John W. Lowell's play "The Letters" is, in many ways, an exercise in theatrical minimalism. Taking place entirely in a plain administrative office in Stalinist Russia, with only two characters and a running time of about 75 minutes, "The Letters" shows just how much tension can be built solely through conversation. It helps, of course, that the conversation is one where the stakes are several human lives.

Street Corner Art's new production of Lowell's play, running through April 20 at Hyde Park Theatre, is an extreme contrast to their previous show, "Junk," which featured an epic scope, a huge cast and a lengthy running time. "The Letters," by comparison, is a small, contained chamber piece, anchored by two fiercely talented performers.

Clair Grasso plays Anna, an editor whose current job is to censor the private papers of Russia's greatest composer so that his "perversions" do not get out to the public. She is invited into the office of her ministry's director, played by Michael Stuart (who pulls double duty as the director of this production as well). What begins as a seemingly innocent conversation slowly transforms into, at first, a job interview, and later an all-out interrogation.

Despite never leaving the one office or adding any other performers, "The Letters" succeeds in establishing several narrative twists as the dialogue grows ever more tense, and the truth becomes murkier and murkier. Indeed, the resonance with our current day is impossible to ignore, as the play asks us to what it means when the truth is based on one man's say-so rather than on a bedrock of facts.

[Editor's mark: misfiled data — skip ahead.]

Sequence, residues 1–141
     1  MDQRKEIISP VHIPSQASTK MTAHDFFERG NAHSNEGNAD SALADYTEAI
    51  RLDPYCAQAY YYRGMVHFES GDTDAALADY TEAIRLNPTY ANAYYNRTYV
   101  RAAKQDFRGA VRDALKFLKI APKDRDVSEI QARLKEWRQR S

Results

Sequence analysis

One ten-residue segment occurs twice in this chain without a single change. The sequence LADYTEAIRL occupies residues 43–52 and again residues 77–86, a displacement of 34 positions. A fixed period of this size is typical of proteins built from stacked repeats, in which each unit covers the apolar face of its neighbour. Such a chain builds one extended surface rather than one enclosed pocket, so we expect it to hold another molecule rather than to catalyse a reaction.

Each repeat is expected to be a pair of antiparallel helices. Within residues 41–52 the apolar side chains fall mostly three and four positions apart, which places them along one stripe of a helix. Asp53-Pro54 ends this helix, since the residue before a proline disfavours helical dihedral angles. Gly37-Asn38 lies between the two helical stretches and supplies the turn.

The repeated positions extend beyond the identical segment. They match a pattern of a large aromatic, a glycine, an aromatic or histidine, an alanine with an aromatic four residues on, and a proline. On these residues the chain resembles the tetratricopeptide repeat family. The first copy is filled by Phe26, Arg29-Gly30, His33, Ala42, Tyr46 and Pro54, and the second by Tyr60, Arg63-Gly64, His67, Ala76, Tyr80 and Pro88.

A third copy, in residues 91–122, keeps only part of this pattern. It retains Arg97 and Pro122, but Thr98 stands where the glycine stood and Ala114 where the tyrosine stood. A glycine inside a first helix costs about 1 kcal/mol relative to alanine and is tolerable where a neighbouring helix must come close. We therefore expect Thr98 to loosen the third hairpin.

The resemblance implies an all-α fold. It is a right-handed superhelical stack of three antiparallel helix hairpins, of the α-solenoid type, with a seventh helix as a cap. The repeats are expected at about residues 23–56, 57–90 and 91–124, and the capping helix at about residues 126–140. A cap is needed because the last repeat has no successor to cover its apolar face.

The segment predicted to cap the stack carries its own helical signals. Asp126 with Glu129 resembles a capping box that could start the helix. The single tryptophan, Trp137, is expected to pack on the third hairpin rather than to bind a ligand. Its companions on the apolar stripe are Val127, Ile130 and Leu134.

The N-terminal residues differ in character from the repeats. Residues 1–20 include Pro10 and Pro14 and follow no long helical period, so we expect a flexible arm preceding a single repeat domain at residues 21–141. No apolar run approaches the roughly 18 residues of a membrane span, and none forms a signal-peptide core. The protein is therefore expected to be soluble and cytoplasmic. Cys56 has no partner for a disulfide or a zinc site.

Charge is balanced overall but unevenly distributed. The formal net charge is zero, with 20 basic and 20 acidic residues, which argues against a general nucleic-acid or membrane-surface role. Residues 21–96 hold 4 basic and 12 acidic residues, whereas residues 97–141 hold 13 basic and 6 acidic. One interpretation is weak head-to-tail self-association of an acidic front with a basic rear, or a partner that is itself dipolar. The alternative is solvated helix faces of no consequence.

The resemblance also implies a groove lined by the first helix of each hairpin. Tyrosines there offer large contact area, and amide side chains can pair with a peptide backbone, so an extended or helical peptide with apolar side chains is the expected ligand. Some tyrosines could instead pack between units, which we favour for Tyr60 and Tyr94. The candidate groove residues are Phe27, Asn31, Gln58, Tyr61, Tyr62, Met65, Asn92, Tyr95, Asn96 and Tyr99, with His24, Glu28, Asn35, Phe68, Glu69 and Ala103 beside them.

It takes an actress of Grasso's prodigious talent to successfully portray Anna, a character who must evince outward timidity while maintaining an inner reservoir of deep strength. Stuart, meanwhile, is equally amorphous, shifting between charming, cajoling and outright threatening Anna in order to bend her to his will. Stuart wisely takes advantage of the two performers’ tremendous height differential to make their power imbalance physical, taking what could otherwise be almost a radio play and turning it into a taut battle of wills that relies as much on the actors' postures as it does their vocal inflections.

Despite its small size and scope, Street Corner Arts' "The Letters" packs in a great deal of suspense and tension in a slow-building, riveting drama that considers what a "post-truth" reality might actually look like.